n CME : Your SA Journal of CPD - Claudication of the lower limb : an approach to investigation and management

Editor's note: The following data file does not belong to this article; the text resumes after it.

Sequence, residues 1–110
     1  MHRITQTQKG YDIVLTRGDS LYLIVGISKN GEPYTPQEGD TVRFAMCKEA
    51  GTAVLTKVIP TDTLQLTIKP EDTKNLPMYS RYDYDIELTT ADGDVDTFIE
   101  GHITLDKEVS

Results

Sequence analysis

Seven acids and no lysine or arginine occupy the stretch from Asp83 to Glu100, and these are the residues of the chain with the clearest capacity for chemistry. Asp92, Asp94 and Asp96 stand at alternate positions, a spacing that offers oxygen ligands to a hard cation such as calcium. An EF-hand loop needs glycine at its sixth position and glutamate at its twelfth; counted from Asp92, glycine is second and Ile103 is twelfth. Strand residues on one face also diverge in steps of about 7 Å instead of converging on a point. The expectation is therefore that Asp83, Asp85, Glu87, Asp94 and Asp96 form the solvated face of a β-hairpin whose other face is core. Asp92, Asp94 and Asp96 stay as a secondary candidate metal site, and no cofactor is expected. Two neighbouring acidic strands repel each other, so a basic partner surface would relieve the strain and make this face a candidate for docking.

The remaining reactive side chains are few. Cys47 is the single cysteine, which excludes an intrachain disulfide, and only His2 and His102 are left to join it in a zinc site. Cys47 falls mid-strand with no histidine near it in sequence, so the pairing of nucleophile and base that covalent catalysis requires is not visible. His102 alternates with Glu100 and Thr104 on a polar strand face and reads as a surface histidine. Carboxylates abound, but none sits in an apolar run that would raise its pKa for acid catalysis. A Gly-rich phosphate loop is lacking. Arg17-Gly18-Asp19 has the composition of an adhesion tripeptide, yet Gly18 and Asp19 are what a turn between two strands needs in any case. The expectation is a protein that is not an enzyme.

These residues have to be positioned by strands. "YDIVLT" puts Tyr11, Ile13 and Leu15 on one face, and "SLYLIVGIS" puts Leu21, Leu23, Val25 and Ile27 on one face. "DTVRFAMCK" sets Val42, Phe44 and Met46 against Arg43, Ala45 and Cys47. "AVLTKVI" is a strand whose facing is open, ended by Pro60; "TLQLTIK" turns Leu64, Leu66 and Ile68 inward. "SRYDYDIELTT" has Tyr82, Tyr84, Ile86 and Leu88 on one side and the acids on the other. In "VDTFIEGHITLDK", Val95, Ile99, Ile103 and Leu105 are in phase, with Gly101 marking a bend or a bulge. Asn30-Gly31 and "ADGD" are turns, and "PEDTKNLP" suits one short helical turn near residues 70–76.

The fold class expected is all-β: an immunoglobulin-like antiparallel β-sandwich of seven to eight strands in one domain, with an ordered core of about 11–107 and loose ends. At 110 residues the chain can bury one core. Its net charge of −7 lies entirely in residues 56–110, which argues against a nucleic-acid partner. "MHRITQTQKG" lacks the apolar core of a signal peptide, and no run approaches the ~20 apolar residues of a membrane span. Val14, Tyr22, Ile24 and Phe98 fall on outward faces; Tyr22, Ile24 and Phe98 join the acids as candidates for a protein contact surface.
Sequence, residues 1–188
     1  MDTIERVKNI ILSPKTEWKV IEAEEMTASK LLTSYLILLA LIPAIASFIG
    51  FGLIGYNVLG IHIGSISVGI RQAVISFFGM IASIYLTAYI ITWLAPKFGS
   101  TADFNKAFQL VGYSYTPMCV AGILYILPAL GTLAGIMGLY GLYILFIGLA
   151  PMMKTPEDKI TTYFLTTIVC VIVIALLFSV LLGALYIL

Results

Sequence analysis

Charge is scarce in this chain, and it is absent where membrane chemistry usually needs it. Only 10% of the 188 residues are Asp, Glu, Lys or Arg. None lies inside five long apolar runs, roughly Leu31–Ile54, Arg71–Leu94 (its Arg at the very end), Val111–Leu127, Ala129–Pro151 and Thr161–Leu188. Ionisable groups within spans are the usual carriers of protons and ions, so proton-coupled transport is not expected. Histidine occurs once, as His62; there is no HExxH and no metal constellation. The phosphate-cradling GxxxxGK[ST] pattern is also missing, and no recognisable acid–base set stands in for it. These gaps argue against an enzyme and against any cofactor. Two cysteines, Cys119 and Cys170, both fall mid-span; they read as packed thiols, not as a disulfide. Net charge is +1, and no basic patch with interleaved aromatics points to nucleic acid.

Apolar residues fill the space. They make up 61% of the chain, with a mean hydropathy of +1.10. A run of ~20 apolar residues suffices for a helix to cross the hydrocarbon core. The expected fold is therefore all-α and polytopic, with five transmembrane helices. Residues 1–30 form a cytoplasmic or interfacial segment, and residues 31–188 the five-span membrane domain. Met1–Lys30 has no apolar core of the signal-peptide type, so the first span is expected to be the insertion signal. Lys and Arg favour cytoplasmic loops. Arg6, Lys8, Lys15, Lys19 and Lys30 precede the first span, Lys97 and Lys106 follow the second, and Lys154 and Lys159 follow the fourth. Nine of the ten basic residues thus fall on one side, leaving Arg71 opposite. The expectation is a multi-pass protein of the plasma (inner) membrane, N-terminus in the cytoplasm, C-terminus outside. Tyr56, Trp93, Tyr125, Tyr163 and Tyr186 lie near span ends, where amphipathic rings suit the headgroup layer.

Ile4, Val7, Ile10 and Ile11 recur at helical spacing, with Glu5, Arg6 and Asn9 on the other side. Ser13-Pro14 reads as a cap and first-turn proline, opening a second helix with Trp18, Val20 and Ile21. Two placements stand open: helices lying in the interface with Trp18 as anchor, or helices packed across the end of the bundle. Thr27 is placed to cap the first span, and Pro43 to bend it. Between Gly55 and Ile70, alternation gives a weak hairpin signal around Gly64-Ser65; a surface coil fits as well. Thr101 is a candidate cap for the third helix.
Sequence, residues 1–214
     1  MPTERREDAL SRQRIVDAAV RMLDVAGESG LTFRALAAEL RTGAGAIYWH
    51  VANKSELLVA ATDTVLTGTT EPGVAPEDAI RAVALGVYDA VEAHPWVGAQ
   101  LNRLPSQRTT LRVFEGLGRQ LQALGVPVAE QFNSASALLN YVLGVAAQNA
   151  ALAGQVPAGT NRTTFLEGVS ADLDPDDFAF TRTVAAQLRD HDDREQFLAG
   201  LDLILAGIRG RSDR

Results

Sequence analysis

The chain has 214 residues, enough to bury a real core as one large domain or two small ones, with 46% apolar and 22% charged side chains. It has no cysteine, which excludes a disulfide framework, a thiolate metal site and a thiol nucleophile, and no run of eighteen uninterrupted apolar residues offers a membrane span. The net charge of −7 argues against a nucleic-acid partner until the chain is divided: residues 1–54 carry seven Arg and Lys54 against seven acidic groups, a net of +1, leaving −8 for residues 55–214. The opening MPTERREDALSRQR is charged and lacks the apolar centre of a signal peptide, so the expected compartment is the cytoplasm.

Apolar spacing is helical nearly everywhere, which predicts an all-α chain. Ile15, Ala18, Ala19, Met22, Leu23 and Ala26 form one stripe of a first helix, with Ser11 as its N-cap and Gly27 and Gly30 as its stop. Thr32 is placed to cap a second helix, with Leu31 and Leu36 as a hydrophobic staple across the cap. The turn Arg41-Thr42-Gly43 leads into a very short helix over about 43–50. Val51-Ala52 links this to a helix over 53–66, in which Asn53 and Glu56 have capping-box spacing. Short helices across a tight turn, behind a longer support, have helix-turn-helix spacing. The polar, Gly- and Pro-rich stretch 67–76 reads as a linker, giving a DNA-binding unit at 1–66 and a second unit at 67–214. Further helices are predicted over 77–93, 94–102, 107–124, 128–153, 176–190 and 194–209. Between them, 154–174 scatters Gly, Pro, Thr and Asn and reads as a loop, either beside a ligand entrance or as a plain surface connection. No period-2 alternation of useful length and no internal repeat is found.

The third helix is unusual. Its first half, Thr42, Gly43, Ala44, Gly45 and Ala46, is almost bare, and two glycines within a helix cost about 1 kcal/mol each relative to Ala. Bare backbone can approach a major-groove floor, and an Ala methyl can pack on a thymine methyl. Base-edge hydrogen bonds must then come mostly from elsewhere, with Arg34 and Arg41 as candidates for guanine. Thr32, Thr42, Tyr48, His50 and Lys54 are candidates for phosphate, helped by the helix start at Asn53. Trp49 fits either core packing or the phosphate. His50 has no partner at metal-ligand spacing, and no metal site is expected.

Peripheral arterial disease (PAD) is a chronic atherothrombotic occlusive disorder of the peripheral circulation that predominantly affects the large, medium-sized and small arteries of the lower limbs. The prevalence of PAD ranges from 3% to 10% overall, increasing to 15 - 20% in patients over 70 years. Classic risk factors for PAD include age over 55 years, smoking, diabetes mellitus, hypercholesterolaemia, hypertension, obesity and sedentary lifestyle. Patients with PAD may be asymptomatic or can present with intermittent claudication (IC) and/or critical limb ischaemia (CLI). Patients with CLI have ankle pressures below 50 mmHg and/or toe pressures below 30 mmHg, ischaemic rest pain and/or tissue necrosis (skin ulcer or gangrene). PAD may be classified into 3 segmental types depending on the distribution of the occlusive disease (Table I). Patients with CLI have multi-segment disease as a rule. PAD is not a benign disease; the risk of mortality in patients with established PAD secondary to cardiovascular and cerebrovascular events far outweighs the 4% risk of a major amputation over 10 years. Asymptomatic patients with PAD have an approximately 10-year shorter life expectancy than patients without PAD. Patients with IC have a 10-year mortality rate approaching 50%. Patients with CLI have 1- and 5-year mortality rates approaching 25% and 50% respectively. The modern evidence-based approach to treatment of PAD therefore emphasises lifestyle modification, control of risk factors, antiplatelet therapy, lipid-lowering agents and foot care. Patients with CLI will, in addition, need some form of surgical therapy: amputation, percutaneous transluminal angioplasty (PTA), peripheral stent or bypass procedure.


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